The cabal in the Berlaymont would be mad not to accept Britain's offer.

I wrote on Tuesday that I doubted Boris could get the three green ticks he needed to get a deal through. Today it looks as though two of those ticks are tentatively there. The Telegraph reports that the ERG, the Tory turncoats and about 25 Labour rebels could vote for the deal in the Commons. Whatever Farage is saying isn't being heard by the media. Germany is in recession and the Eurozone faces a series of economic bodyblows that will be exacerbated by a clean Brexit; they will grasp at the offer. That just leaves Brussels.

I've always pushed strongly for a clean Brexit, and like many have problems with some of the other baggage apart from the backstop in the draft Treaty. So why do I find myself this morning ready to shrug my shoulders and support Boris if he gets agreement for this deal? I'm not sure. But there it is.

Boris has effectively isolated the EU zealots in Brussels and Varadkar's fatuous posturing. Britain's mature, sensible offer and our reasonableness and statecraft are now on view to the world, released in those documents. The EU's every petulant instinct must be to reject the UK's offer - but do they dare?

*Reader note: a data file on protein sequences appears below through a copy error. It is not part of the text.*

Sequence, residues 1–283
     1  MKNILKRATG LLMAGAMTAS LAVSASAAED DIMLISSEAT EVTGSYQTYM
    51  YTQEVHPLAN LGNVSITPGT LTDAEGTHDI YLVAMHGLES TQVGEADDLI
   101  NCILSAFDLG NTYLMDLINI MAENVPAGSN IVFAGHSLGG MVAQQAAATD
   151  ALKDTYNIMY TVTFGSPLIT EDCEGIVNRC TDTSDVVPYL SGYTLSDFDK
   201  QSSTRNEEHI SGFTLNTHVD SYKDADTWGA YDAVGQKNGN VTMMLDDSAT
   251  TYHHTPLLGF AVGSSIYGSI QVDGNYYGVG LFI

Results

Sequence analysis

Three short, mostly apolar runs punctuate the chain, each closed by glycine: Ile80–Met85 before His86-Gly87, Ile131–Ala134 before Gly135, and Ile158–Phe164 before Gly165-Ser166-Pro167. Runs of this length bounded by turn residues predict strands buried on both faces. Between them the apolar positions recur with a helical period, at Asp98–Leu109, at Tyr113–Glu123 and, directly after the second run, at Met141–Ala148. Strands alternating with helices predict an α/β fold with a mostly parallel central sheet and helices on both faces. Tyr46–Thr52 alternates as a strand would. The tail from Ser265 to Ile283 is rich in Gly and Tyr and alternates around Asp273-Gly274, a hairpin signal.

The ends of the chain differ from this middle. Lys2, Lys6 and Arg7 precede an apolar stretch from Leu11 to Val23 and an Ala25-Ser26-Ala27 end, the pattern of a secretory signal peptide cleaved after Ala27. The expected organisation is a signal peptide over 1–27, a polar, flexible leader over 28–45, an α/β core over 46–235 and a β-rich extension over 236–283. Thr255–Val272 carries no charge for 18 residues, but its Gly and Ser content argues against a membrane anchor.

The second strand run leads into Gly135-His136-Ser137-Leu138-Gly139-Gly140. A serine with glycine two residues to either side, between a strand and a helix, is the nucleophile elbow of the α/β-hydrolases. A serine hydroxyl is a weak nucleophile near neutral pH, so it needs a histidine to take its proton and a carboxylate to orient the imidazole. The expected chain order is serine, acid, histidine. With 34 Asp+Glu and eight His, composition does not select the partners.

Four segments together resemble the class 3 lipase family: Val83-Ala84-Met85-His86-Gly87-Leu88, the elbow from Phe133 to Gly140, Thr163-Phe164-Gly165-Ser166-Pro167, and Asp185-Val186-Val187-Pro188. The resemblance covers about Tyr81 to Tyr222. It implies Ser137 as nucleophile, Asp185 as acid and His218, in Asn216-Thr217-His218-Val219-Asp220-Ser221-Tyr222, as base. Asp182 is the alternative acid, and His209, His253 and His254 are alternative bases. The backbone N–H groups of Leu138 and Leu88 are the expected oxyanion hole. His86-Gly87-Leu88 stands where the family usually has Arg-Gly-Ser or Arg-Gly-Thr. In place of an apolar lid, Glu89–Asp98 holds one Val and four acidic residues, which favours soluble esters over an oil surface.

Kit cars - now outlawed in much of the EU - will be saved for the UK

Wednesday 2 October 2019

The world turned upside down

An empty-nester in Bavaria, the acquaintance of a friend, sold the large house in which she had brought up her kids and undergone a divorce but had no choice but to commit herself to another large mortgage on a new property. Financial downsizing was not an option. "Why?" I demanded. Because. The Germans are incurable savers, and without harsh government measures to ensure they keep borrowing and spending the economy would be hit. So the German tax system effectively prevents homes being used as pension pots.